The surgery is done under the effect of anaesthesia. Small incisions were made to assess the tissues, cartilage, and bones, inside and surrounding the nose. After carefully assessing the bones and cartilage, the surgeon removes or adds tissues, to achieve the desired surgical results.
Tissues can be added from one part of the body to the nose, otherwise, fillers can also be used. After the surgeon has successfully placed the tissues in shape and arranged them, some tissues will be draped over the nose to give it final shape.
The new shape or structure is then supported by a splint (a device used to immobilise and protect the part of a body) until the nose heals.
Rhinoplasty is now third most common cosmetic procedure performed in the United States, though the numbers of surgeries performed are high, plastic surgeons consistently describes rhinoplasty among the most challenging procedures to perform. In fact, many plastic surgeons don’t want to perform rhinoplasty. Therefore, unlike to other procedures, a smaller number of surgeons perform a large proportion of rhinoplasties.
- Nose size in relation to facial balance
- Nose width at the bridge or in the size and positions of the nostril
- Nose profile having visible humps or depressions on the bridge
- Nasal tip which is enlarged or bulbous, drooping, upturned or hooked
- Nostrils that are very large, wide or upturned
- If Nasal asymmetry is there
If you like to have a more symmetrical nose, keep in mind that everyone's face is asymmetric to some degree. Results may not be completely symmetric, although the goal is to make facial balance and correct proportion.
The very common causes are a deviated septum, enlarged turbinates, and middle vault narrowing. These factors may occur naturally, or as a consequence of trauma or prior rhinoplasty. They may occur alone or in combination, and can explain most nasal obstructive problems.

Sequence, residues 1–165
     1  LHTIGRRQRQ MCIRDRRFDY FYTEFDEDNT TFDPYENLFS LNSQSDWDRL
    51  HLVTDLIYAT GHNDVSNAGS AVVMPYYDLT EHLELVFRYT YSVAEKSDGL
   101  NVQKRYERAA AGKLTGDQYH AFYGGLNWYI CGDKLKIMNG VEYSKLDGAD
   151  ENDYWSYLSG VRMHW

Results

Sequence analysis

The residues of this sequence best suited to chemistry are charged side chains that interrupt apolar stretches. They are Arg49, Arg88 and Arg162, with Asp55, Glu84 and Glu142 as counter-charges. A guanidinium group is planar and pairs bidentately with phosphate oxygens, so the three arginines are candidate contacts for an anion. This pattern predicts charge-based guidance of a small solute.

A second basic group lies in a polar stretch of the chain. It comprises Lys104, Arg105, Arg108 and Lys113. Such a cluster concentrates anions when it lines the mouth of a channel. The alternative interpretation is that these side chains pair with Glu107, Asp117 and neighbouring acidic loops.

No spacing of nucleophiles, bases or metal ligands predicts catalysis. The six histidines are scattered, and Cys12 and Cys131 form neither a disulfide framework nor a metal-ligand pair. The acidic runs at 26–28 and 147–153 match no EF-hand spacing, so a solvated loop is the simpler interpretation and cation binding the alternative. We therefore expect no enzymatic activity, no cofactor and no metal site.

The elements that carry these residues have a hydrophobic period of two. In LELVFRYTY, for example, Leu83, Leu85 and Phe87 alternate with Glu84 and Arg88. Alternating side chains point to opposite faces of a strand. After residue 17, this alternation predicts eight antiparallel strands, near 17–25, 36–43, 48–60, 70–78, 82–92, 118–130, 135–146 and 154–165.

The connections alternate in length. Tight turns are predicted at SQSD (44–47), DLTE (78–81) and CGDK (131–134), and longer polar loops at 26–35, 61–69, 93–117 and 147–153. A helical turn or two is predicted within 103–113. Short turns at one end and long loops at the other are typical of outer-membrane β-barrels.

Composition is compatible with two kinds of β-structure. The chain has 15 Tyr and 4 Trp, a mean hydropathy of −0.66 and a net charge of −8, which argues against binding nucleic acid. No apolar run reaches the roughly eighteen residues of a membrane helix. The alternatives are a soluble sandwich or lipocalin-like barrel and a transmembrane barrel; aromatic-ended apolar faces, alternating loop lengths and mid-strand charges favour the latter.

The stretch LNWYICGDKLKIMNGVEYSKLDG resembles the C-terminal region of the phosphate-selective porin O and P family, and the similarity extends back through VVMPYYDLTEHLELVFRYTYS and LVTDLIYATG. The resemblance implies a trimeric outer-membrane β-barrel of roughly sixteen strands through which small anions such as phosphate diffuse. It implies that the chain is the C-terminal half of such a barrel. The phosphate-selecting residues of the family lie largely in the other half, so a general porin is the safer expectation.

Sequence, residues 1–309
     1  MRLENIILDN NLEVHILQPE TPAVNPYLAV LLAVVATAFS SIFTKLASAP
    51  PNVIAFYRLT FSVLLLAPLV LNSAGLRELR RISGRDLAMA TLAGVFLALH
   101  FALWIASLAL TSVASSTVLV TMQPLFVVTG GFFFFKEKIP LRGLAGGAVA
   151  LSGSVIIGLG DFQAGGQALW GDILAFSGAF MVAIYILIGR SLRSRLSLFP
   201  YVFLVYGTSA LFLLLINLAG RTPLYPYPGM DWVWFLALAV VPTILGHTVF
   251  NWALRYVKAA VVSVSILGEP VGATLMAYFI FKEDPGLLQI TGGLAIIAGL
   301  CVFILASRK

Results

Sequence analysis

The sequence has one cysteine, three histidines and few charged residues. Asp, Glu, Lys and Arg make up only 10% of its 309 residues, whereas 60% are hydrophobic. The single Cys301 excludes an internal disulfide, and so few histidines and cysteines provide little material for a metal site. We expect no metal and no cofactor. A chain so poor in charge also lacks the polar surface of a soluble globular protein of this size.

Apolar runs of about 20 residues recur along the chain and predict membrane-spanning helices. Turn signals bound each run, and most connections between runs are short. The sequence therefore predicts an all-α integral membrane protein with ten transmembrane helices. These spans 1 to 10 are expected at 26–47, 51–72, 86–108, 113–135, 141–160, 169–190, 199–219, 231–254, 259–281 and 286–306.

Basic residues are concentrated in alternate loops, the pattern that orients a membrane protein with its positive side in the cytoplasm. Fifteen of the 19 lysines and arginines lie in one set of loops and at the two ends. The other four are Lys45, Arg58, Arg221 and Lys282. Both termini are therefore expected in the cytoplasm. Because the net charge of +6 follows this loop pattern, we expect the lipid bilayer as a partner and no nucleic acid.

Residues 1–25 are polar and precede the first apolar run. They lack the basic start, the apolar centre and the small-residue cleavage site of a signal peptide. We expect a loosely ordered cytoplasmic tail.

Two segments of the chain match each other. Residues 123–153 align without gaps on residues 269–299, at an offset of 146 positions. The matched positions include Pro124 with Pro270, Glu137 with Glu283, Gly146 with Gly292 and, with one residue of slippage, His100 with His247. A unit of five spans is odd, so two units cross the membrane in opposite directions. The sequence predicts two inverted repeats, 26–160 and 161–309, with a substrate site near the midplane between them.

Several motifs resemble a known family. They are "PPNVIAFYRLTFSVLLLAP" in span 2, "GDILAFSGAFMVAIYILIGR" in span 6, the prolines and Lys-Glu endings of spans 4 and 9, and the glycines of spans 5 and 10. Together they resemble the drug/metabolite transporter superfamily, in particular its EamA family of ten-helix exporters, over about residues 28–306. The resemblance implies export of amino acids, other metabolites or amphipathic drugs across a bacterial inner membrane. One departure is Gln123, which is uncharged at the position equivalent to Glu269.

Deviated septumThe septum is a cartilaginous sheet that separates the right and left sides of the nostrils. The septum is very rarely perfect straight for anyone. The “deviation” is a bend of the septum. When the septum bends significantly to one side or the other, it will block the air passage on one or both sides, making it difficult to breathe.
TurbinatesThe turbinates are the humidifiers of the nose. They are made mostly with nasal mucosa, so they periodically swell in response to the environment (i.e., allergies) or to position. To illustrate: if you lie on one side, you may notice that it will become more difficult to breathe through the nostril on the “down” side. This is the effect of normal turbinate swelling. Sometimes, chronic enlargement of the turbinates may obstruct one or both sides. This condition can be treatable medically, but may require surgery for relief.
Middle vault narrowing or collapseCollapse means weak nasal sidewalls of the nose, making them to fall inward with deep inhalation. You would be familiar with adhesive strips worn on the nose by athletes to hold the nasal passages open. These devices will help prevent collapse of the nasal sidewalls with inhalation.
- Are you specialized in this field of plastic surgery?
- How many years of plastic surgery experience you have?
- Do you have tie ups with any hospital to perform this procedure? If so, at which hospitals?
- Am I a right candidate for this procedure?
- What shouldI expectto get the best results?
- Where and how you’ll perform my procedure?
- What surgical technique is recommended for me?
- What is the recovery period can I expect, and what kind of help will I need during my recovery?
- What are the risks and complications in this procedure?
- How are complications handled?
- How can I visualise my nose to look over time?
- What are my options if I am dissatisfied with the cosmetic surgery of my nose surgery?
- Can I have before-and-after photos I can look at for this procedure and what results are reasonable for me?
- Anesthesia fees
- Hospital or surgical facility costs
- Medical tests
- Post-surgery garments
- Prescriptions for medication
- Surgeon's fee